On 9/29/2012 5:43 AM, Evgenii Rudnyi wrote:
I have understood Brent in such a way that when engineers develop
a robot they must just care about functionality to achieve and
they can ignore consciousness at all. Whether it appears in the
robot or not, it is not a business of engineers. Do you agree
with such a statement or not?

In my defense, I only said that the engineers could develop
artificial intelligences without considering consciousnees.  I didn't
say they *must* do so, and in fact I think they are ethically bound
to consider it.  John McCarthy has already written on this years ago.
And it has nothing to do with whether supervenience or comp is true.
In either case an intelligent robot is likely to be a conscious being
and ethical considerations arise.

Dear Bruno and Brent,

Frankly speaking I do not quite understand you answers. When I try to convert your thoughts to some guidelines for engineers developing robots, I get only something like as follows.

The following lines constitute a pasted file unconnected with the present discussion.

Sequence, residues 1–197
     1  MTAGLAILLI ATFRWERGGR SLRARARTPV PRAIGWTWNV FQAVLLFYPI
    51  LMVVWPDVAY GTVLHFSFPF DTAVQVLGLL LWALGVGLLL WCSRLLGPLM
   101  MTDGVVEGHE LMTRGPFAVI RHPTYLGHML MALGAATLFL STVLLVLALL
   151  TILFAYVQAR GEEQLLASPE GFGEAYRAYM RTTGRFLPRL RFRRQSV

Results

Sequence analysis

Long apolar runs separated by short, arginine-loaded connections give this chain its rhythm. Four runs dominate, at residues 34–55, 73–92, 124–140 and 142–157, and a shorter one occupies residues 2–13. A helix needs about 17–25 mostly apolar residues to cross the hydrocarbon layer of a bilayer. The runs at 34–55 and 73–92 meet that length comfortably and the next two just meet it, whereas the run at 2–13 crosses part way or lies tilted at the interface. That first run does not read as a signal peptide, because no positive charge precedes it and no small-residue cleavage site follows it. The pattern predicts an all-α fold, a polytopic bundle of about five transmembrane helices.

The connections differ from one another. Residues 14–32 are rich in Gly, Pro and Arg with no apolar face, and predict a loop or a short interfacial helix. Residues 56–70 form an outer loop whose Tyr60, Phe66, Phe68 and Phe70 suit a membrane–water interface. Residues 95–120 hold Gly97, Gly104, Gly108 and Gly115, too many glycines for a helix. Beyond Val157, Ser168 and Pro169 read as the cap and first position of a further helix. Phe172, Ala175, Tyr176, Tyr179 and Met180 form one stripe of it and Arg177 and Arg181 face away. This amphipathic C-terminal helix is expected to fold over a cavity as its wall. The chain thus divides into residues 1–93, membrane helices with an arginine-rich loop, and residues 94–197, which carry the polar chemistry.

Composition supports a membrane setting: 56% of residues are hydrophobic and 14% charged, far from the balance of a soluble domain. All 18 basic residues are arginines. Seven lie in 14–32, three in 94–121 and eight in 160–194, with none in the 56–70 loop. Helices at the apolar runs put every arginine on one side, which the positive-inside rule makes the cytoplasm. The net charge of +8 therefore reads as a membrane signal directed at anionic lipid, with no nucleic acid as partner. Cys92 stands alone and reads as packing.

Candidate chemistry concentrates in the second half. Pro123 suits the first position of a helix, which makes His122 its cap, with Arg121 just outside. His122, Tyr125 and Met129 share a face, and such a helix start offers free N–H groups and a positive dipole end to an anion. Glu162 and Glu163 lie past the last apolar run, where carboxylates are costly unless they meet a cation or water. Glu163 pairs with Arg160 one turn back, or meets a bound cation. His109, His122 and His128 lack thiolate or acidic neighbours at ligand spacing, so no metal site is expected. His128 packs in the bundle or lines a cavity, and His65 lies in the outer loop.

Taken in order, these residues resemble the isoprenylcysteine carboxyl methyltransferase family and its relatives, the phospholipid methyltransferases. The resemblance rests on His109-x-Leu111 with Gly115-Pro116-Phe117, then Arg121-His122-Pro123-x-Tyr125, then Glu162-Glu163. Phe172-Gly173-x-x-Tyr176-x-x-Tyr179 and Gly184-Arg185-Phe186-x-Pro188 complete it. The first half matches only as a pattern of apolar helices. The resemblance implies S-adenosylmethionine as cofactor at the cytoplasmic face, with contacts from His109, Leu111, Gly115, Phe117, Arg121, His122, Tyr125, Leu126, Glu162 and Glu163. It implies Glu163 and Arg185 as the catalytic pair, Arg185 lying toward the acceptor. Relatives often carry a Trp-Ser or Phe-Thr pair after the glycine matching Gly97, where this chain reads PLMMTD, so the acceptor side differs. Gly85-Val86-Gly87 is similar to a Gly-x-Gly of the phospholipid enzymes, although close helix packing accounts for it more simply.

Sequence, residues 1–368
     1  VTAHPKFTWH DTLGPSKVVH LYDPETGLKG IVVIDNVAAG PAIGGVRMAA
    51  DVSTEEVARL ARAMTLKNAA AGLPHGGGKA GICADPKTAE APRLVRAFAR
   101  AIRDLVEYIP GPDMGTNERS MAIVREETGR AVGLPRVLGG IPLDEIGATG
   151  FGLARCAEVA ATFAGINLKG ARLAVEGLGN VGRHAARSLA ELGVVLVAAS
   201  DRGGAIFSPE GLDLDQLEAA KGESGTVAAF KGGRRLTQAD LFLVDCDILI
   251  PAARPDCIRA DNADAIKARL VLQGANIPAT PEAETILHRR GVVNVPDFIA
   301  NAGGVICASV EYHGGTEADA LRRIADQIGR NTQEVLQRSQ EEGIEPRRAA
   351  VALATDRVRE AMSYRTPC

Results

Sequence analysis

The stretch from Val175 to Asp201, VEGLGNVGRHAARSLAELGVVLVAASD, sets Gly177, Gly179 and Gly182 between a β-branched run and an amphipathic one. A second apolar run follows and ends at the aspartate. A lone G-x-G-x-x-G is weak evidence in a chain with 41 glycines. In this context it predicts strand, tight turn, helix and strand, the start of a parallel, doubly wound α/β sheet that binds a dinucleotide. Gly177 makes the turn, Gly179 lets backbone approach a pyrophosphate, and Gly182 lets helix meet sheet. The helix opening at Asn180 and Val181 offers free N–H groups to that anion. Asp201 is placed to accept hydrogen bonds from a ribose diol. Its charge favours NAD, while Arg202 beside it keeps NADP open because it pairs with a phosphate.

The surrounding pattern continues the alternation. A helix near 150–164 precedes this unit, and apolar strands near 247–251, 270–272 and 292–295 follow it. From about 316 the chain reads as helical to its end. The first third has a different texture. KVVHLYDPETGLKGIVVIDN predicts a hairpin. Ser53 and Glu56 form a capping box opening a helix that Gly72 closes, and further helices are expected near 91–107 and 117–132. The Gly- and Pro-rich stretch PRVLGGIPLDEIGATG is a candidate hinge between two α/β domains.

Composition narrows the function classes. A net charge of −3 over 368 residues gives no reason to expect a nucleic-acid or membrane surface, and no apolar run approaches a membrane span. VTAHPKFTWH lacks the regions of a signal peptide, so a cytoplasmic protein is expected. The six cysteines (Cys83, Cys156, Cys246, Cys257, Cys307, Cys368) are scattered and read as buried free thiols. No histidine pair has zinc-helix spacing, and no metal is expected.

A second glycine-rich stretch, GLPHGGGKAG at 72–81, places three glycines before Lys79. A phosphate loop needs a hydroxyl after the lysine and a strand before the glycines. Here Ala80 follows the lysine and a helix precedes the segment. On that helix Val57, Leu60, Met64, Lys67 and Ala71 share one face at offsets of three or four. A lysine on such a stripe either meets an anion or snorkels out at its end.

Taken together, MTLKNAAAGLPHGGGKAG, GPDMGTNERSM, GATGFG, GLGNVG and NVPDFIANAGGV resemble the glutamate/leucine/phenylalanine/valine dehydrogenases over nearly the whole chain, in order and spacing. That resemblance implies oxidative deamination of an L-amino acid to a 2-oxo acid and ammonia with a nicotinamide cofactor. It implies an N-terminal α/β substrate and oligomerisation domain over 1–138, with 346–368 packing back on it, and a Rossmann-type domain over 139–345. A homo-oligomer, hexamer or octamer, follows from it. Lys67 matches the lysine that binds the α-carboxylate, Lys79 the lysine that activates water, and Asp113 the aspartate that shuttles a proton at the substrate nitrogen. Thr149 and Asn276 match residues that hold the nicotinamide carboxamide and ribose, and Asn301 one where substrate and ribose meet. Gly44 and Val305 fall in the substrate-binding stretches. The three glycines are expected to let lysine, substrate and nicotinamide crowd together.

1) When you make your design, do not care about consciousness, just implement functions required.

Where did I say that.  Don't paraphrase, quote.


2) When a robot is ready, it may have consciousness. We have not a clue how to check if it has it but you must consider ethical implications (say shutting a robot down may be equivalent to a murder).


P.S. In my view 1) and 2) implies epiphenomenolism for consciousness.

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